Shakespeare and Company transformed an Anglophone convergence into a community. It was, in fact, a thinly monetized social center. Library memership fees barely covered expenses, and the shop made only one hundred dollars in profit in 1921. The importance of Shakespeare and Company had nothing to do with money. By the end of the year, it was a place where readers and writers could talk to one another, where older and younger people exchanged ideas and where Sylvia Beach introduced writers to editors and publishers. If you wrote or read literature and found yourself in Paris—for a week, a month or a decade—you knew where to go. Shakespeare and Company became a literary node in a cultural metropolis.
Culture needs locations. It is not a seamless backdrop so much as a patchwork of local phenomena. Cultures have centers, specific arenas where artists join institutions, where people influence and repel one another, where activities change because of planned and unplanned events and where one can be exposed to people and ideas from Japan, Moscow, West Africa and Dublin all in the same day—cultural centers exist because they are hubs for the peripheries. If modernism had a preeminent location, it was Paris: atop Montmartre before the war and then, when prices became too high, the Left Bank, less than two square miles of narrow streets and wide boulevards south of the arcing River Seine.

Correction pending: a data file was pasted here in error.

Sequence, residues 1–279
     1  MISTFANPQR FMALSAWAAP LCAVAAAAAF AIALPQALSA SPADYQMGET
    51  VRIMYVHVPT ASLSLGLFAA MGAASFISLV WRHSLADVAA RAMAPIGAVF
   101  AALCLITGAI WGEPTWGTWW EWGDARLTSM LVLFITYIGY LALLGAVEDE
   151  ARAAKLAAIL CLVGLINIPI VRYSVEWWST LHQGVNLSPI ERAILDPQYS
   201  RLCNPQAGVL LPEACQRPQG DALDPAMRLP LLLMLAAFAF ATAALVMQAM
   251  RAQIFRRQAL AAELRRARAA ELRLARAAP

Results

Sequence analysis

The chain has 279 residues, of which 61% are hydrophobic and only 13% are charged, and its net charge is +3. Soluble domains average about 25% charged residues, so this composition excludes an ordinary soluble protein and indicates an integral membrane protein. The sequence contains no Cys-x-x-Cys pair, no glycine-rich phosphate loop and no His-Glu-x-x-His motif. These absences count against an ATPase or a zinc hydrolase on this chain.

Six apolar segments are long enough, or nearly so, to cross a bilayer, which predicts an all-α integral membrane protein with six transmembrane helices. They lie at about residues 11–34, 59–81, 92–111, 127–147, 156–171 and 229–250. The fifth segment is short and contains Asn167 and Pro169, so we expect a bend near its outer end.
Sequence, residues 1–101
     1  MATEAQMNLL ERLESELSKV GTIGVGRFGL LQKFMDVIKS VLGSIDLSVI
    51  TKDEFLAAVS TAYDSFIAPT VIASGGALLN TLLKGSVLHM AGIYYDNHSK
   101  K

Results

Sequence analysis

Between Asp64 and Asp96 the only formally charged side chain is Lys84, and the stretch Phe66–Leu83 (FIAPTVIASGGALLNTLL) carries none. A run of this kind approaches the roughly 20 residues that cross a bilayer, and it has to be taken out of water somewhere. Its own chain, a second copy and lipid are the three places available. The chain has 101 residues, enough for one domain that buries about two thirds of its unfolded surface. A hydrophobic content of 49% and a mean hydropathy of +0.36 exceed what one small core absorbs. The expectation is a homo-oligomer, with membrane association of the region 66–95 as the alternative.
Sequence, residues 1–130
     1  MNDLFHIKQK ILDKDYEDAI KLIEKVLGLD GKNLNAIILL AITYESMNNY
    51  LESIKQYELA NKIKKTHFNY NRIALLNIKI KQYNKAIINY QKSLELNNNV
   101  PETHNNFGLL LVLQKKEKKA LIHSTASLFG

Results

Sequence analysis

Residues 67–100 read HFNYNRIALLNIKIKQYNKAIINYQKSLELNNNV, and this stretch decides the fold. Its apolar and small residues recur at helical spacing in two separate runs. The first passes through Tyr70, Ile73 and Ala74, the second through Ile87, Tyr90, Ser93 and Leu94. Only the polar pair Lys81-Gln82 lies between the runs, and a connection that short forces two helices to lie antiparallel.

Left Bank neighborhoods were diverse, inexpensive and saturated with cafés. This was especially true of Montparnasse, a Left Bank neighborhood where working-class people, immigrants and political refugees mixed with artists and the bourgeoisie as well as students from the adjacent Latin Quarter. Artists like Chagall and Brancusi drank with butchers at the Café Dantzig because Montparnasse’s major artist colony was next to a slaughterhouse.